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Senate approves new technology varsity

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By Abraham Adekunle

This is to address the knowledge deficit in tech, environmental sciences.

The Senate approved that a Federal University of Technology and Environmental Sciences in Iyin-Ekiti Kingdom, Ekiti State should be established with a mission to address knowledge deficit in the fields of technology and environmental sciences. The upper legislative chamber gave its approval after a bill seeking the establishment of the new tertiary institution was extensively debated and unanimously ratified at the plenary at the Senate Chamber in Abuja. The Senate, which was presided over by the Deputy President of the Senate, Senator Barau Jubrin, subsequently referred the bill to its Committee on Tertiary Institutions and Tertiary Education Trust Fund (TETFund) for further Legislation and other considerations.

Consequently, the bill, which the Leader of the Senate Senator Opeyemi Bamidele sponsored, elicited overwhelming support of the senators across all political divides, attesting its significance to developing world-class technologists and human resources that would sustainably manage the country’s Economy. It was first initiated in the ninth National Assembly and then brought back for consideration at the Senate Chambers on October 17, 2023 with specific focus on addressing knowledge deficit gaps in the fields of technology and environmental sciences.

Objectives of the university include developing world-class technologists.

While explaining its significance at the plenary, Senator Bamidele specifically observed that the passage of the bill into law would develop world-class technologists as well as human resources for exponential Economic Growth and Sustainable Development. He further explained that the purpose of the bill is to create more access to university education in view of a large number of qualified candidates, who are annually stranded in their attempts to gain admission into the universities of their choice across the federation.

He noted that the core objectives of the university are, first and foremost, to set up an ultra-modern institution that will develop world-class technologists as well as human resources that can sustainably manage the nation’s economy by providing technical and management expertise at the highest level. The university, when it is fully established as proposed, will definitely advance knowledge through edge-cutting research and nurture unique technological Innovation, entrepreneurship and Wealth Management in its core areas of specialization.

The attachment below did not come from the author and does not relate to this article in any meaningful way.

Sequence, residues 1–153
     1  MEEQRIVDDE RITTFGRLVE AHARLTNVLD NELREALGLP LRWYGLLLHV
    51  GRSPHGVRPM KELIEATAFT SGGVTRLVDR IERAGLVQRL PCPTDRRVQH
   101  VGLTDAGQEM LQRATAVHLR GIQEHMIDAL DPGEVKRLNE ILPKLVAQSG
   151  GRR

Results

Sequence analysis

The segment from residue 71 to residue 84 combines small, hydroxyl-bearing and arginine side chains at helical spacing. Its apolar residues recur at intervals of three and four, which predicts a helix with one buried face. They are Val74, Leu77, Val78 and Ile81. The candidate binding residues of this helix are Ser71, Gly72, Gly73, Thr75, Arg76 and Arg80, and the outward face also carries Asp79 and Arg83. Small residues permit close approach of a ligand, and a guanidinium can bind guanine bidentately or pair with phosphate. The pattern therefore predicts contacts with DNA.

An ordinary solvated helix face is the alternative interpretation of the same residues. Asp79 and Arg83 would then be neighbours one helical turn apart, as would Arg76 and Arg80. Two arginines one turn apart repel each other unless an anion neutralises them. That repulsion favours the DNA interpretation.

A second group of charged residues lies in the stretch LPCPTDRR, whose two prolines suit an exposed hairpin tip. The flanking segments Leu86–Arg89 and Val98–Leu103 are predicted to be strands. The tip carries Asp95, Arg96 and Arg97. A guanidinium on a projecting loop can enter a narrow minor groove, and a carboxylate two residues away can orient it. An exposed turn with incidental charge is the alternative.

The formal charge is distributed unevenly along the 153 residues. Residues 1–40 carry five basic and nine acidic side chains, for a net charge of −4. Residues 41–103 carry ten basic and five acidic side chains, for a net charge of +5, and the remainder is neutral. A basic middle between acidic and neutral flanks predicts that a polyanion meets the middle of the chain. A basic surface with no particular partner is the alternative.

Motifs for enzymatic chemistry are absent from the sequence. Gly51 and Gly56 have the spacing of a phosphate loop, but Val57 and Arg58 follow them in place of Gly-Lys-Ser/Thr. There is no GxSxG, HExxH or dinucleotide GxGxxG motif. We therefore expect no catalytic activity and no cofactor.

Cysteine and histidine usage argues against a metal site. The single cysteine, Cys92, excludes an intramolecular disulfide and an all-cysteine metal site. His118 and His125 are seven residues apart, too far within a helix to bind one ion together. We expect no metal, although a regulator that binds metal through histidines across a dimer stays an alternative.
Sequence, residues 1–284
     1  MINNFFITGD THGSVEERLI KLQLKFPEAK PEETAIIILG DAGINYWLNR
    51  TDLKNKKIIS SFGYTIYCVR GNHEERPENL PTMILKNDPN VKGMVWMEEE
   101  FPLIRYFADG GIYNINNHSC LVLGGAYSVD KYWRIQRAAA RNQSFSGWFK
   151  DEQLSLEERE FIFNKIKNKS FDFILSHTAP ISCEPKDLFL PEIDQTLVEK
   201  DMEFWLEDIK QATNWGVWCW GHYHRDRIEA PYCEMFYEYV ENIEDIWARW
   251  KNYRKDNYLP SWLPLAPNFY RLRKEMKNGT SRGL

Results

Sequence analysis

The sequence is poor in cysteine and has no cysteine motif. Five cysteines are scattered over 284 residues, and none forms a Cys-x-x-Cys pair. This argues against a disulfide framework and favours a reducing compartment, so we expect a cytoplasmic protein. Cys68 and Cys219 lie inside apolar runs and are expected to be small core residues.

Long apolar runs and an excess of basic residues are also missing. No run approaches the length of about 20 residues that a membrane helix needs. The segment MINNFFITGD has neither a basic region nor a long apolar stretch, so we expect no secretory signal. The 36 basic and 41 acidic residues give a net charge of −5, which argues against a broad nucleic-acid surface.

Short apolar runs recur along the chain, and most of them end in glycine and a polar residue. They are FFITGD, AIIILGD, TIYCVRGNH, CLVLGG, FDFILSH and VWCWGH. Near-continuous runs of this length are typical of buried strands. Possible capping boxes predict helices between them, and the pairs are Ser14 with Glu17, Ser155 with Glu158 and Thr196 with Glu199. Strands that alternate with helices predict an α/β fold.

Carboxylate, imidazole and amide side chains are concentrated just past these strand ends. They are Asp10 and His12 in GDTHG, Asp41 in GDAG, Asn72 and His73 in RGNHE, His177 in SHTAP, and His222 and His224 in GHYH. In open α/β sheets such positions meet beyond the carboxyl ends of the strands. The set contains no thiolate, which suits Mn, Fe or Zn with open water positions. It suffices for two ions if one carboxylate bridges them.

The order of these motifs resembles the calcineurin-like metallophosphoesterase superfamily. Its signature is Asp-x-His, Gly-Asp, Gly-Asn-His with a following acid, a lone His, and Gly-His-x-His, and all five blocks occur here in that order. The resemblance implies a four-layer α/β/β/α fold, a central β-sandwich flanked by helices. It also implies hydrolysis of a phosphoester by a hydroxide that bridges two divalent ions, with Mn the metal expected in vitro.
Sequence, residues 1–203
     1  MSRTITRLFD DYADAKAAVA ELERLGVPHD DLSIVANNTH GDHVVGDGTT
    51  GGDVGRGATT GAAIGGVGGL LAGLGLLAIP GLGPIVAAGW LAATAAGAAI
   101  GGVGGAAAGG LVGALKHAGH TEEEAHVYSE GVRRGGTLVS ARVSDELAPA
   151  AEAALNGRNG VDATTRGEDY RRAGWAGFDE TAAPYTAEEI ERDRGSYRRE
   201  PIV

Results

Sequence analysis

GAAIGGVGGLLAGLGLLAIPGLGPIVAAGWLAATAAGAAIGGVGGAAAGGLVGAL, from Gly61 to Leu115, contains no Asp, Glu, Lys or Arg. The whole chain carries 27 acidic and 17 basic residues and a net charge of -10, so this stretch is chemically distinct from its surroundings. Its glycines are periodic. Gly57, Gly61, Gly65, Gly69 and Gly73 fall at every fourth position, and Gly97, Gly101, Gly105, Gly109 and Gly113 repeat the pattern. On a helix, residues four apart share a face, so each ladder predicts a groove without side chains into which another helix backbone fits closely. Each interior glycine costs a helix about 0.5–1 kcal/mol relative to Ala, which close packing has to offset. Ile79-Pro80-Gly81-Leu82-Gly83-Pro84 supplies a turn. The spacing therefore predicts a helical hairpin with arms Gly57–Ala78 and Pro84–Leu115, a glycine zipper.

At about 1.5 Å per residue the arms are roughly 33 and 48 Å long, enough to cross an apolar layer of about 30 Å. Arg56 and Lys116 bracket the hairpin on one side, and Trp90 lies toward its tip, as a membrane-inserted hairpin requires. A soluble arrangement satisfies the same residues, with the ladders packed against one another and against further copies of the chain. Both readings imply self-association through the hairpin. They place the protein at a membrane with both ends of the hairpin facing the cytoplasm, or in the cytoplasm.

Majority of lawmakers in the chamber supported the bill.

Also at the plenary, Deputy President of the Senate, Senator Barau Jubrin; Chairman, Senate Committee on Defence, Senator Ahmed Lawan; Chairman, Committee on Navy, Senator Gbenga Daniel; Chairman, Senate Committee on the Environment, Senator Seriake Dickson; Chairman, Senate Committee on National Planning and Economic Affairs, Senator Abdul Ningi and Vice Chairman, Senate Committee on Inter-Parliamentary Affairs, Senator Victor Umeh, threw their weight behind the establishment of the bill. As he explained how the bill came to be, Lawan, former President of the Senate, observed that the committee conference of the Senate and House of Representatives could not be set up before the end of the ninth National Assembly hence necessitating the re-initiation of the bill for legislative consideration.

Then, he explained that the bill is innovative and worthwhile because technology and environmental sciences are very important and indeed crucial for every country worldwide, especially in the 21st Century, to achieve development in all ramifications. He said that if the country is to develop like most developed countries worldwide, the country has to move away from being extremely traditional. “We cannot continue with the conventional and traditional approach to education, especially Tertiary Education,” he said.

What Nigerian schools erroneously focuses on.

Further, he noted that outdated courses are still being taught in Nigerian schools, even in universities. As this is the 21st century, he remarked that the country must do things befitting the 21st century. “Human beings, more appropriately human resources, should be the source of developing our country,” he said. According to him, Nigeria has focused on oil and gas from the 1950s to date but still grappling with Poverty, Unemployment and other social challenges. Whereas, some countries have nothing, but human beings, and yet, they have recorded tremendous progress in nearly all sectors of their economies. He referenced Singapore as a good example.


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